The critical role of 3D printing support material

By Infinite Editorial Team
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Get to know your supporting partner in additive manufacturing

Unless your goals are limited to custom hockey pucks and little gnome figures, support materials will play a critical role in your 3D printing efforts. 3D printing support materials enable you to create and print complex geometries, parts with internal features, and parts that cannot be manufactured by any other method. Without support, your build material would deform before it hardened.  


Just as there are many build material options available, such is the case for support materials; and compatibility between build and support material is only one consideration. Here's a look at the different categories, and other factors that can impact which materials you choose.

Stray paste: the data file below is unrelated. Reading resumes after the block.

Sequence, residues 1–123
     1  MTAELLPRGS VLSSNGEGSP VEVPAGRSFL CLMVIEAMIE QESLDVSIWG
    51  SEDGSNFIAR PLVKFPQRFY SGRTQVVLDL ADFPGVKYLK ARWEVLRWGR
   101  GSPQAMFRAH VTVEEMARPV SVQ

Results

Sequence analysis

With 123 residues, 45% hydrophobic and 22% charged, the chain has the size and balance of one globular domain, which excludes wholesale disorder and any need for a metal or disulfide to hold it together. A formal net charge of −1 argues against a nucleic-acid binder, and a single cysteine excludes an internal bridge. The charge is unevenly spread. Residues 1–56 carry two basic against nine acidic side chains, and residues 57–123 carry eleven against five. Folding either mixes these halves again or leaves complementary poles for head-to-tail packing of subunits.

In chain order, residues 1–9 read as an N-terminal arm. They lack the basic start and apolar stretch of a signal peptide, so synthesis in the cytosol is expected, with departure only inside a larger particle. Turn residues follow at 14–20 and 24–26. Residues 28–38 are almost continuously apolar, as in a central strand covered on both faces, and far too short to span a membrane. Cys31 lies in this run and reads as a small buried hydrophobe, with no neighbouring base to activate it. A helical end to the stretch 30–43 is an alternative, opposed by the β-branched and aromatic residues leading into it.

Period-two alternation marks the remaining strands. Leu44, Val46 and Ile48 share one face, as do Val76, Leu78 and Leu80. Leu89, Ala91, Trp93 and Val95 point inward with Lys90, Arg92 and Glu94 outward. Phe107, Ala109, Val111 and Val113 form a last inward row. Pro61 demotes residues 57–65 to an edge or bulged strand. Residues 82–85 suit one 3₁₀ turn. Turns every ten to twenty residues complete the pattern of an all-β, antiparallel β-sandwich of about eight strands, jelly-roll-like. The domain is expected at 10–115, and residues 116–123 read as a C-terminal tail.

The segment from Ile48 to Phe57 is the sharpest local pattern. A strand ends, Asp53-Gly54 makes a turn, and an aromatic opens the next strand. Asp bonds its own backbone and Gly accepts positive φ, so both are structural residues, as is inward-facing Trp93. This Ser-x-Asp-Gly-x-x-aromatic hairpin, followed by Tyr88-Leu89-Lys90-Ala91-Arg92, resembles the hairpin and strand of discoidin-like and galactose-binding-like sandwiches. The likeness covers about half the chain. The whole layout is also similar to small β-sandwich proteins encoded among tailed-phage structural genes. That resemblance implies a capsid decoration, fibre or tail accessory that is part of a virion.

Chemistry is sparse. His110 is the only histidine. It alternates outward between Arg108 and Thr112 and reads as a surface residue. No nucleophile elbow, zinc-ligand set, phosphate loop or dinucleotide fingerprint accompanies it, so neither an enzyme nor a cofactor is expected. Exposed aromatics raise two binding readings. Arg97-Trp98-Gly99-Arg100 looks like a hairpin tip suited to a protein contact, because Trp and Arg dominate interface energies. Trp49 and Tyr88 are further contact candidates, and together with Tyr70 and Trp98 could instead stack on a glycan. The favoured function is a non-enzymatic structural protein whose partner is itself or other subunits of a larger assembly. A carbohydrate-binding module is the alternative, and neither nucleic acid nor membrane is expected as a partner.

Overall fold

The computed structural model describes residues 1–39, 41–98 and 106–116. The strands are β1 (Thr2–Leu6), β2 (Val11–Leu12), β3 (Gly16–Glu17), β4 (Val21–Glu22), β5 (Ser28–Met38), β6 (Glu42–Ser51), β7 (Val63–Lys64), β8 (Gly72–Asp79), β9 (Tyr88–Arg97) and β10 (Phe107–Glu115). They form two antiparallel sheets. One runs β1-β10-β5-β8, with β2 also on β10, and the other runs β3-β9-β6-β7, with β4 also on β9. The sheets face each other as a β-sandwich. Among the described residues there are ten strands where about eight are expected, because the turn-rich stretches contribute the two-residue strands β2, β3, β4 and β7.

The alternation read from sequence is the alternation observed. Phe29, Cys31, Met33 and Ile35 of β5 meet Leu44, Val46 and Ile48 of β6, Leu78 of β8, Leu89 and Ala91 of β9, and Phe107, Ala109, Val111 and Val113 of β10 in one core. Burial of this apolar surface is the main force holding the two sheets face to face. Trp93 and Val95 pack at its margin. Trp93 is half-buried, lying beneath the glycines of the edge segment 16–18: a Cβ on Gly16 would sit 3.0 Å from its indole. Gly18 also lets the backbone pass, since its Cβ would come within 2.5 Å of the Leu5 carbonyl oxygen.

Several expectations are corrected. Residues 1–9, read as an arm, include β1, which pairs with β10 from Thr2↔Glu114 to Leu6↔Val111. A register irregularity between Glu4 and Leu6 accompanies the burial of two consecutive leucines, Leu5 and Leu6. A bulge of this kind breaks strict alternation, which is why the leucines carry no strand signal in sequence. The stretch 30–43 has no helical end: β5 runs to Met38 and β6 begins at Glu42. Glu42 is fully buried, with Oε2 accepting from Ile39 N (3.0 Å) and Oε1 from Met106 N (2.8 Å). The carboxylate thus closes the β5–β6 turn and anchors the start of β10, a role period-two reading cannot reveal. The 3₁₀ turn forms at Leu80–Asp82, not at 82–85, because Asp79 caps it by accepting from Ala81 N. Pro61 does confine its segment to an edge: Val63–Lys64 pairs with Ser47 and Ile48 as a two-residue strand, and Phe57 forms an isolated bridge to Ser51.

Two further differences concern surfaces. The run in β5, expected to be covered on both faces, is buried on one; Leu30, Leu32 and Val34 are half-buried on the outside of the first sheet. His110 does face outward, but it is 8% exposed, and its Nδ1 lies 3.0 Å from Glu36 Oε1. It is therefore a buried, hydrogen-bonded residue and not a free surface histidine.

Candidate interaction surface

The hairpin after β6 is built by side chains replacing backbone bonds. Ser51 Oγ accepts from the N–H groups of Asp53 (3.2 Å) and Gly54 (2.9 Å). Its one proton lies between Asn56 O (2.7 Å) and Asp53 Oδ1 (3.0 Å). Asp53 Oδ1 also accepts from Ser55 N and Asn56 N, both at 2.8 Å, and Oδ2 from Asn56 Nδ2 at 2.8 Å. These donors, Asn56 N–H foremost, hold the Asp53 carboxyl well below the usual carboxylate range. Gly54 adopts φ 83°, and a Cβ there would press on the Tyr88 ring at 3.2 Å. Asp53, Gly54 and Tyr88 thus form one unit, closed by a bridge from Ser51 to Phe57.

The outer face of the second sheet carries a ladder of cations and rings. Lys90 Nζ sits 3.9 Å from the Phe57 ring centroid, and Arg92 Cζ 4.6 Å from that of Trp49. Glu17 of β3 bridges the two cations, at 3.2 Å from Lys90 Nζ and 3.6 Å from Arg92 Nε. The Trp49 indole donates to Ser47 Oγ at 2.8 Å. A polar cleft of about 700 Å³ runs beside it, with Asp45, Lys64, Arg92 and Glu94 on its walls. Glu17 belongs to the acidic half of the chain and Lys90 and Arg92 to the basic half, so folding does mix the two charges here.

Breakaway vs. soluble support materials

Printing support material is removed either physically, as in the case of breakaway materials, or dissolved with soluble support. Breakaway support is trimmed, sanded, or otherwise mechanically removed. Depending on the build material and shape of the printed object, removing support may be simple or laborious. Delicate details can make removal difficult without damaging the print, and complex voids or other internal structures simply aren’t possible at all with breakaway support. This is where soluble support comes in.  


Soluble support is removed by placing the printed object in a bath of water or solvent. Dissolution rates vary widely depending on material, temperature, and if additional mechanical agitation is used. Solvent-based supports can perform well but can pose environmental hazards and health risks.